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Khatharr

[C++] LSP and Rule of Three

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An interesting question occurred to me today.

 

In order to observe LSP, if a base class has an explicit copy ctor / assignment operator, do the derived classes all need explicit versions between themselves and the other classes? In other words, if parent Foo has an explicit copy ctor, does Bar need conversion ctors from Foo and Baz? Does Foo need conversion assignment operators for each of its derived classes?

 

I'm thinking:

Foo* a = new Foo;
Foo* b = new Bar;
Foo* c = new Baz;
*a = *b; //what happens?

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There is no trickery involved.

 

The assignment operator Foo::operator=() is called, with the dereferenced b object passed as a parameter. The Foo object will do whatever the operator=() code does, by default just going through all the variables on the class and assigning from RHS to LHS.  Anything extra in the subclass is ignored. 

 

It is really not much different than if you had called a->SomeFunction(*b);  In this case the function is operator=().

 

Also note that operator=() is automatically hidden from base classes, so Bar and Baz subclasses will need to implement their own if you want to do something special in the assignment operator.

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Okay, so in order to uphold LSP, Bar would need explicit definitions for copy/assign from Foo and Baz, and Baz would need them for Foo and Bar?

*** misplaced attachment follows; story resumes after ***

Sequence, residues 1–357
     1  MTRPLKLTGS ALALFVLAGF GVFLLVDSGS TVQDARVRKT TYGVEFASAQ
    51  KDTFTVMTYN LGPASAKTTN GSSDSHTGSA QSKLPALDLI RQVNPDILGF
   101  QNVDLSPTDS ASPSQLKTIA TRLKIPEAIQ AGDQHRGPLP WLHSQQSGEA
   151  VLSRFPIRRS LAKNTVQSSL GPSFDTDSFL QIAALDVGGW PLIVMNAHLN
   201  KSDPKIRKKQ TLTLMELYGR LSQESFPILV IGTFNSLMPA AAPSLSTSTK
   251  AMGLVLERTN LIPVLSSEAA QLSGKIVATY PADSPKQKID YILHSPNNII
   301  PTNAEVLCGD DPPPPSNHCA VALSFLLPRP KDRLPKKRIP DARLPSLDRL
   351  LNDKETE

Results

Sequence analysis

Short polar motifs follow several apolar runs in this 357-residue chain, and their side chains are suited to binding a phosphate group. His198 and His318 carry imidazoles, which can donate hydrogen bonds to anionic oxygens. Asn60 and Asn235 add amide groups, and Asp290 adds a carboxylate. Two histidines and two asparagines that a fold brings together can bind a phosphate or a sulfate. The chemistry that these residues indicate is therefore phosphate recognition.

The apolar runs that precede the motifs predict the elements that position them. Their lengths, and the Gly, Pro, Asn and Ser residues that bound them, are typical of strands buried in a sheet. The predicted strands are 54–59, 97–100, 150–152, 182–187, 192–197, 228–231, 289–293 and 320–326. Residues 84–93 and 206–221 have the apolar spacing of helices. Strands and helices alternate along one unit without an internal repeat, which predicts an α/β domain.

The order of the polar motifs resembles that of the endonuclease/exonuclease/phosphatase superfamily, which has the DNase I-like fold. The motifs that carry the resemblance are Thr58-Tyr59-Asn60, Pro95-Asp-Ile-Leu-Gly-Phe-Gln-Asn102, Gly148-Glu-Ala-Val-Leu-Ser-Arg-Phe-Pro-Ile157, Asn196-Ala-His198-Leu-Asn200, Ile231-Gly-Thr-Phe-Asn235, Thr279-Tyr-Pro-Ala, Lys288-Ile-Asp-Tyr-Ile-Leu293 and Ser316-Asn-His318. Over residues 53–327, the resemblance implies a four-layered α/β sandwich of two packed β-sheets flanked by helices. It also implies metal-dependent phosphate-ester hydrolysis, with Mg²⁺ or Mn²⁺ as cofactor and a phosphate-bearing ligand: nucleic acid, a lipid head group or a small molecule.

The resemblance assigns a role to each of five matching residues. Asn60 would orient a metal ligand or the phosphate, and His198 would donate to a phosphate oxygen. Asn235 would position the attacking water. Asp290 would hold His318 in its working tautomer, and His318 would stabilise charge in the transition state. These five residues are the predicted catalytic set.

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I would say the LSP is a good reason why you shouldn't have public assignment operators for polymorphic classes.

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Ah, okay. I was sort of feeling that way, but the book gave an example class that had them and we were supposed to derive from it. I ignored LSP for the assignment (we haven't discussed SOLID yet), but it made me think that there was maybe some sane way of doing this.

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Okay, so in order to uphold LSP, Bar would need explicit definitions for copy/assign from Foo and Baz, and Baz would need them for Foo and Bar?

Again, it is subjective. If the object is generally copyable and assignable then it is going to be just fine, no trickery is involved.

The default behavior is to just copy all members from the RHS to LHS. Normally this works just fine, as expected, and does the right thing.

class SomeData { int a; int b; int c; ... };
class MoreData : public SomeData { int x; int y; int z; ... };

SomeData a;
MoreData b;
...
a = b; // sets the value of a.a, a.b, and a.c. Does not know or care about the b object's x, y, or z members because SomeData doesn't have those members.

In this case MoreData is LSP substitutable for SomeData. The operator= says "give me a SomeData class", and the MoreData class is a SomeData class in every respect, so everything works just fine.